A spokeswoman for the Russian Foreign Ministry said Wednesday that Britain needed to provide information about the pets that lived in Sergei Skripal's house in Salisbury, England.
Wednesday that Russia has reliable information that there were pets in the Salisbury residence of Sergei Skripal.
"Where are the pets? What is their condition?" ministry spokeswoman Maria Zakharova said. "This is about living creatures, and if a toxic chemical agent was indeed used in their house, these living creatures should have been hurt."
The chief of Britain's defense research lab, the Porton Down laboratory, acknowledged Tuesday it has not been able to pinpoint the precise source of the nerve agent.
Gary Aitkenhead said scientists there identified the substance used on Sergei and Yulia Skripal as a Soviet-developed nerve agent known as Novichok. But he added "it's not our job to say where that was actually manufactured."
The British government says it relied on a combination of scientific analysis and other intelligence to conclude that the nerve agent came from Russia.
Britain is standing by its assessment, but the Foreign Office on Wednesday deleted a tweet from last month saying Porton Down scientists had identified the substance as "made in Russia."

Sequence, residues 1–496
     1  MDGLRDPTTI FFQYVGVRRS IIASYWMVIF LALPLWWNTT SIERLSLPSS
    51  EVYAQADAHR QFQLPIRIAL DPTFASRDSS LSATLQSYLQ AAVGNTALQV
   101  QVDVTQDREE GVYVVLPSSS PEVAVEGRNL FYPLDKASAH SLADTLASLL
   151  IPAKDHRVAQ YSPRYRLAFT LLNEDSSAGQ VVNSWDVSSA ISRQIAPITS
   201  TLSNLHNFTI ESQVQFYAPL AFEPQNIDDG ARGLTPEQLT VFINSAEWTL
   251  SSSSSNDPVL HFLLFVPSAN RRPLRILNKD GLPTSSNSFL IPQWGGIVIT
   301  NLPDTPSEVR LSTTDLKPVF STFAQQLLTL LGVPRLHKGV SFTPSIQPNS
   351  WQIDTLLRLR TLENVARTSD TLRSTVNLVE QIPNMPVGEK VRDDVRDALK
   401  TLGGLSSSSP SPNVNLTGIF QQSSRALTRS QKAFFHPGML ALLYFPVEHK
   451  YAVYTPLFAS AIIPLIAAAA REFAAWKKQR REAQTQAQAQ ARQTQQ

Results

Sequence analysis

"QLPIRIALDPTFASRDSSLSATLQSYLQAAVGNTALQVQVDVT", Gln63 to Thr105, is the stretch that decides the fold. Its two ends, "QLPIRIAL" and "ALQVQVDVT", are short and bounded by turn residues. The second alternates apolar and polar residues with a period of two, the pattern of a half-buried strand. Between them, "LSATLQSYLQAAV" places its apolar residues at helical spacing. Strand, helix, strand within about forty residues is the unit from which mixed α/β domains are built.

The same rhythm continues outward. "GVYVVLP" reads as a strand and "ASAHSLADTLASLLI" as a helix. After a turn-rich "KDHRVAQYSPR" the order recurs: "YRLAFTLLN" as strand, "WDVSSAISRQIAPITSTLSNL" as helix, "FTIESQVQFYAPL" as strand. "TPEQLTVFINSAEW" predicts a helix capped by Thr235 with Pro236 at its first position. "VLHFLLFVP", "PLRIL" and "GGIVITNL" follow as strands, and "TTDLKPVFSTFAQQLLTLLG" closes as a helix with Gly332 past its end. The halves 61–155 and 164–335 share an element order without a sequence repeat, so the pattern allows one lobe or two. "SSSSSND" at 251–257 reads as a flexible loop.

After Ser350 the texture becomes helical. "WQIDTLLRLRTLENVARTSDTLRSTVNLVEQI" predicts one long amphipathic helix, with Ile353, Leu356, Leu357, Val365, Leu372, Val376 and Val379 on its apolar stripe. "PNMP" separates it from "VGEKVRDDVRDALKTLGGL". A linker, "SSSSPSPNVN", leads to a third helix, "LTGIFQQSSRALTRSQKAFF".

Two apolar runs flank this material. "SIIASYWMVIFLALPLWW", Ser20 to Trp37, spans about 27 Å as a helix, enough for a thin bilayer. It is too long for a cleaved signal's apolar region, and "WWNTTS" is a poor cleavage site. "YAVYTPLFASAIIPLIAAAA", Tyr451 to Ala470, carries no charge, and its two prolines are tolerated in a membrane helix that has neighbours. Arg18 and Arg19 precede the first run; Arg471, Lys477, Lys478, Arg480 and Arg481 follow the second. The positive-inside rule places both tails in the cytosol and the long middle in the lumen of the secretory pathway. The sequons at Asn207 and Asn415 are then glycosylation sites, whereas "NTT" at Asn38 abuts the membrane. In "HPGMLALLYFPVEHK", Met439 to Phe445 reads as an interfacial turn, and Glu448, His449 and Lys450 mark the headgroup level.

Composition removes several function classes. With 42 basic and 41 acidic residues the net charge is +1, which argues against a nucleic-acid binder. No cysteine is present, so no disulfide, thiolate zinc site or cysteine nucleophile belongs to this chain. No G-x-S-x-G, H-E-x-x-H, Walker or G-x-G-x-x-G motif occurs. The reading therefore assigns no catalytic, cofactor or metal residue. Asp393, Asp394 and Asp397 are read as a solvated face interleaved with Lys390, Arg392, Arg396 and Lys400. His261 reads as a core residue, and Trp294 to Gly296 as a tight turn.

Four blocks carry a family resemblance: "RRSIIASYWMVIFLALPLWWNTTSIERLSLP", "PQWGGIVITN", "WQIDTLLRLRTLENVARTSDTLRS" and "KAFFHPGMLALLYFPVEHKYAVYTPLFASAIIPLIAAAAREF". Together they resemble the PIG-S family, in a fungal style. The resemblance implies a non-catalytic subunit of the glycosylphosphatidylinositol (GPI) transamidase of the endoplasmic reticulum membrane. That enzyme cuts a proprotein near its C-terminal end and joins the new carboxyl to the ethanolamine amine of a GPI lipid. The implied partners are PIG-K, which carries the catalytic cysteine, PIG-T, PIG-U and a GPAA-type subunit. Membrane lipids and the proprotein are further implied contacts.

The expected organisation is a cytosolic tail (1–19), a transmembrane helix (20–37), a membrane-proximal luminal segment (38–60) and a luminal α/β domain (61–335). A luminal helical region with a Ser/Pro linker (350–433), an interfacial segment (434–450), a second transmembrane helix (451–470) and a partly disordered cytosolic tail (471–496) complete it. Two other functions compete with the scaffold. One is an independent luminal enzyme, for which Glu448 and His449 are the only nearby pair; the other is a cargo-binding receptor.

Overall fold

Still, Russian President Vladimir Putin had quickly seized on Aitkenhead's comments as proof that British accusations against Russia were baseless. He noted that at least 20 other nations now have the capacity to produce Novichok.
Asked Wednesday if Russia expects an apology from Britain, Putin said "we are not expecting anything like that."
"We are just expecting reason to prevail so that international relations don't sustain damage like what we have seen recently," he said after a summit in Ankara, Turkey.
"This not only concerns the assassination attempt on Skripal, but also all other aspects of international relations," he said. "We need to work within the framework of sound political processes, founded on fundamental norms of international law, and this will make the world a more stable and predictable place."
The poisoning has plunged relations between the West and Russia to their lowest ebb since the Cold War, with more than two dozen Western allies expelling over 150 Russian diplomats in a show of solidarity with Britain and Russia responding in kind.
In Moscow, Russia's spymaster claimed the poisoning was staged by U.K. and U.S. intelligence agencies.
Sergei Naryshkin, director of Russia's Foreign Intelligence Service, the top KGB successor agency, said the poisoning was a "grotesque provocation rudely staged by the British and U.S. intelligence agencies."
Meanwhile the 28-nation European Union, of which Britain is still a member, lamented Moscow's refusal to give information to Britain.
"Instead, we witnessed a flood of insinuations" targeting several EU member states, envoy Krassimir Kostov of Bulgaria told the council meeting. Bulgaria currently holds the EU's rotating presidency,
Raf Casert in Brussels, Edith M. Lederer at the United Nations, Nataliya Vasilyeva in Moscow, and Jill Lawless and Danica Kirka in London contributed.